In that climb, money, he says, “is key” — so important that he names it first on his list of the three things it takes to win an election: “money, good candidates and a few good ideas.”

In the realm of ideas, underscore few. “Not 50; four or five,” Hug says. You don’t want to confuse voters who, he says, speaking of political advertising, “are not very sophisticated.”

He adds, “they’ll go for the last person who whispers in their ear.”Ready Money

Measured in money, the hill’s slope makes good elephant sledding. That’s a huge change from a little more than a decade ago, when it was Everest for a Republican.

Hug has a story to make his point. Its heroine is Ellen Sauerbrey, appointed by President George W. Bush during the congressional recess last week to the sensitive slot as assistant secretary of state for refugees, population and migration. In 1994, Sauerbrey ran for governor of Maryland. Hug was her finance manager.

Back then, he recounts, “no Republican could raise money.” So Sauerbrey’s campaign settled for public financing.

Only in races for governor is public financing an option in Maryland, and it has been used once, by Ellen Sauerbrey in 1994. Opening that door shuts the door to donor fundraising. It did, however, make Sauerbrey competitive.

“We got $1.6 million and we spent it wisely,” Hug recalls. “We came within 5,993 votes of defeating Parris Glendening in a disputed election.”

Despite the bitter loss, the slope no longer seemed so high.

“We made up our mind a Republican can win,” said Hug, speaking of Sauerbrey’s second gubernatorial bid. “The day after the inauguration, we put together a financial organization. With 100 people in eight regions, we raised $6.4 million in four years, outraising Glendening’s $6.2 million.”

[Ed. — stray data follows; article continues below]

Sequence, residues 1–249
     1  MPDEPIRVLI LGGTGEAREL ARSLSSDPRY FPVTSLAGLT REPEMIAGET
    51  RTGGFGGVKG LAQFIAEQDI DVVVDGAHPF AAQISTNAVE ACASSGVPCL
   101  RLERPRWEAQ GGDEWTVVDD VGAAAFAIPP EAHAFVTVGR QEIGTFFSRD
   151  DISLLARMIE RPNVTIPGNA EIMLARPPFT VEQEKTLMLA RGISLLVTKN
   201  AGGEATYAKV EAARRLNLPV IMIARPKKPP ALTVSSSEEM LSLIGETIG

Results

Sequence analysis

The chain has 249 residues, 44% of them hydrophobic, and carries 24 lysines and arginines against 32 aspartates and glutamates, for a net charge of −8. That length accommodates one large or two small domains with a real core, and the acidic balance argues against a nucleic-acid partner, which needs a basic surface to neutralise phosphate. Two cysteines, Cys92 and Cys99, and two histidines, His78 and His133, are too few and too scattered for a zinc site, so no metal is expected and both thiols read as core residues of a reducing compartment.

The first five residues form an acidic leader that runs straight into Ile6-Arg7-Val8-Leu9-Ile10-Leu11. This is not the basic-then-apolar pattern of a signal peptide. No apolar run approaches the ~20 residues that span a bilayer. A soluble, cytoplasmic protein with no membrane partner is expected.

As Hug tells his story, that achievement caught the eye of the young congressman who would be governor. “I signed on to put a team in place in September of 2001,” Hug says. “He announced March 25 of 2002. The rest is history.”

Robert Ehrlich’s upset bested the early favorite, Kathleen Kennedy Townsend, in money and trounced her by 70,000 votes.

“The foundation of the party,” Hug tells his now wide-awake herd, “had been established.”Watching Democrats’ Ruckus

“This election is critical,” Hug warns. “If we cannot maintain momentum, the Democrats will say Republicans are irrelevant again.”

Hug ranks candidates, his second element of a winning campaign, on two scores: charisma and competence.

“A candidate has to be likeable,” he says, and has to have “some sense of charisma.”

On that standard, his guy’s competition is Baltimore Mayor Martin O’Malley. On the other score, Montgomery County Executive Doug Duncan is the competition. “Duncan’s competent but not very charismatic,” Hug announces to trumpets of applause from his audience.


“He’s a good singer,” a fellow elephant offers, and the laughter is unanimous.

Still, says Hug, “we need both of them to stay in the race.”

For months, Duncan has been slugging at front-running O’Malley, who’s kept out of that fight but hasn’t been able to avoid bruises. With Maryland’s primary still eight months off, more internecine battles loom.

All this means that Democrats spending money to run against one another have less to wage in the fight to unseat Ehrlich.

After the primary, when the last man standing in the Democratic contest turns to Ehrlich, “there’s not much time,” says Hug, “to raise money.”

On the other hand, Ehrlich, a state office-holder, is shut out of raising money and accepting contributions during the 90-day legislative session that opened this week. The Democrats, who work for city and county government rather than state government, can make hay in those three months.

Where each candidate stands at the start of this election year will make news on January 18, the first campaign finance reporting deadline in a year.

Hug has been in the counting house as the money flowed in. “You’ll see,” he trumpets. “When the numbers are announced, we’ll have three times more money.”

© COPYRIGHT 2004 by New Bay Enterprises, Inc. All rights reserved.